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about personal lifestyle, victory over sin, the power and presence of the Holy Spirit, a relationship with God, one’s fellow-believers, and those in the unbelieving world. The inescapable truth remains that the gospel according to Paul includes both justification and sanctification. The later chapters of Romans are just as much a part of Paul’s gospel as are the earlier chapters. We find this confirmed when we examine some of his other epistles. In 1 Corinthians 15:34, Paul’s calls us to “awake to righteousness and do not sin.” In Philippians 1:11, he admonishes Christians to be “filled with the fruits of righteousness.” He urges Timothy to pursue righteousness, linking it with godliness, love, and gentleness (1 Tim. 6:11). It is difficult, if not impossible, to avoid the conclusion that Paul’s gospel is one in which the righteousness of God becomes evident in the life of the believer. How, then, does this happen? It happens as a result of God’s presence and activity in the believer through the Holy Spirit, which is the crucial message of Romans 8. That is why we can categorically say that even when righteousness is imparted, it is still the righteousness of God and comes as the result of the working of the Holy Spirit in the life of the believer. It is what has been known through the Christian ages as sanctification. It is part of the gospel, the good news, that God helps us to live in harmony with His will. 7. Saving righteousness is reaffirmed by hope. There is one final, magnificent truth concerning the saving righteousness of God. In Galatians 5:5, Paul says that we “eagerly wait for the hope of righteousness by faith.” God’s saving righteousness, and the need for it, are constantly reaffirmed in the believer’s life by hope. The final chapter in the gospel story is yet to be written. The ultimate experience of righteousness in the life of the believer and the ultimate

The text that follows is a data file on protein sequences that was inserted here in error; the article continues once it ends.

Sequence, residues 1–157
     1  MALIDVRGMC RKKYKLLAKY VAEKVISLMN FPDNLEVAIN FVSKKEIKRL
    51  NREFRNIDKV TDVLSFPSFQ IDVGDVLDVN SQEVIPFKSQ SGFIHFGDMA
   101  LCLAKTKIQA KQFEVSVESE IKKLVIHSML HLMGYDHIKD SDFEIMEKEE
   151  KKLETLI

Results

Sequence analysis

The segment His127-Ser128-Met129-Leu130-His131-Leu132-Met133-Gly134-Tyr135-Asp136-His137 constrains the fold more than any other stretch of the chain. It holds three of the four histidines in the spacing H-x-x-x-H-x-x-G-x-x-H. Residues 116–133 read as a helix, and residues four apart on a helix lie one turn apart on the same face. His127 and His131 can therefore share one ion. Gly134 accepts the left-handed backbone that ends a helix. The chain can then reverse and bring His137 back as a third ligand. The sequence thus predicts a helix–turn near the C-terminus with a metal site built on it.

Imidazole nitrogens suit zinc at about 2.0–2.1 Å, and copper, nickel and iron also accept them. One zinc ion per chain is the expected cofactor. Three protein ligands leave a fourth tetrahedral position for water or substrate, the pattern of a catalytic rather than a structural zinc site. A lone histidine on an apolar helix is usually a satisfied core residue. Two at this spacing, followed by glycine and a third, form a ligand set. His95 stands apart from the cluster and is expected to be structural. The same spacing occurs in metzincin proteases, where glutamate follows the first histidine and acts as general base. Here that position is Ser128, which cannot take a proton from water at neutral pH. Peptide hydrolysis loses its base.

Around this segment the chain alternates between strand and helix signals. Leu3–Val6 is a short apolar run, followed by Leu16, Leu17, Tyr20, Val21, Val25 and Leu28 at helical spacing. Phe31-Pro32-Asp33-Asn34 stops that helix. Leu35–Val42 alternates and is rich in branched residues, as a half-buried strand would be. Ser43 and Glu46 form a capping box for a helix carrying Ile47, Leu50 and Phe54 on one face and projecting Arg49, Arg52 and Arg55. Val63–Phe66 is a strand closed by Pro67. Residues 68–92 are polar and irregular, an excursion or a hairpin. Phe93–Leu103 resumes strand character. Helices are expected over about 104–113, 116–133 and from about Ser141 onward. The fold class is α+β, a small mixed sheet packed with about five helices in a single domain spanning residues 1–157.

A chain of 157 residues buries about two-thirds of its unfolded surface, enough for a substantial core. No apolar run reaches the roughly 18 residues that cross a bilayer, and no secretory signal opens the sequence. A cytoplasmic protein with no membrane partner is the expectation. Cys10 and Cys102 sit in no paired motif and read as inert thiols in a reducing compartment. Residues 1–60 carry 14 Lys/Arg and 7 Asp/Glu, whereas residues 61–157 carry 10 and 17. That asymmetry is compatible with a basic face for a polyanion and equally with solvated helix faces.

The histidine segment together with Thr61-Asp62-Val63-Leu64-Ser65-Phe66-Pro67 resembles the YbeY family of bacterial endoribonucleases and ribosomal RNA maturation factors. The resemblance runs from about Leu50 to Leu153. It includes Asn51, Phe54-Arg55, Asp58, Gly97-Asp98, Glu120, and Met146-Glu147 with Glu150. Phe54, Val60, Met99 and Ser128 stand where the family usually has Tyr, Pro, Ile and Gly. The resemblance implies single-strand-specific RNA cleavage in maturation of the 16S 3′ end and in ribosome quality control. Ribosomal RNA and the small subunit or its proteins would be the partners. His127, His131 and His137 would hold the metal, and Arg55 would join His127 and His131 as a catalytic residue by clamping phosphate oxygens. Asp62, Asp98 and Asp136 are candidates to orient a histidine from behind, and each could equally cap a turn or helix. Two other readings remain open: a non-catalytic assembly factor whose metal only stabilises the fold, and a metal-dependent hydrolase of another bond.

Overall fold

revelation of God’s righteousness are still to come. In Hebrews 11, Noah and others became heirs of “the righteousness which is according to faith,” but all died not having received the promise. Elsewhere we are reminded of the new earth “in which righteousness dwells.” The fact is that there is a strong eschatological dimension to the truth of God’s saving righteousness. Its full consummation is not realized through any of the descriptions we have traditionally used and not totally encompassed even by the words justification and sanctification but not something fully attainable in this life. Many times, especially in Romans and Galatians, Paul uses the words justify and justification in a future tense, particularly in relationship to judgment and the last days. Perhaps the clearest statement of this end-time dimension of saving righteousness is Paul’s words to Timothy, “Finally, there is laid up for me the crown of righteousness, which the Lord, the righteous Judge, will give to me on that Day” (2 Tim. 4:8). Frankly, I do not know what a crown of righteousness is. There have been many attempts to precisely define what Paul means. He cannot be talking of a literal crown— that much is clear. It is equally clear that there is a future element in the human experience of righteousness as important as the present. Only the future will set the final seal on God’s righteousness—the beginning and consummation of the plan of salvation. Therefore, we must allow that future to beckon us on. We must continually stretch forward in hope, reaching for that crown, the eternal reward of those who become and remain righteous in Christ. And finally . . . In 1888, the message of righteousness by faith came to this church. Some think it was never fully received, some think it was not a complete message. Others think that even when it came, it was soon lost, at least in part. Many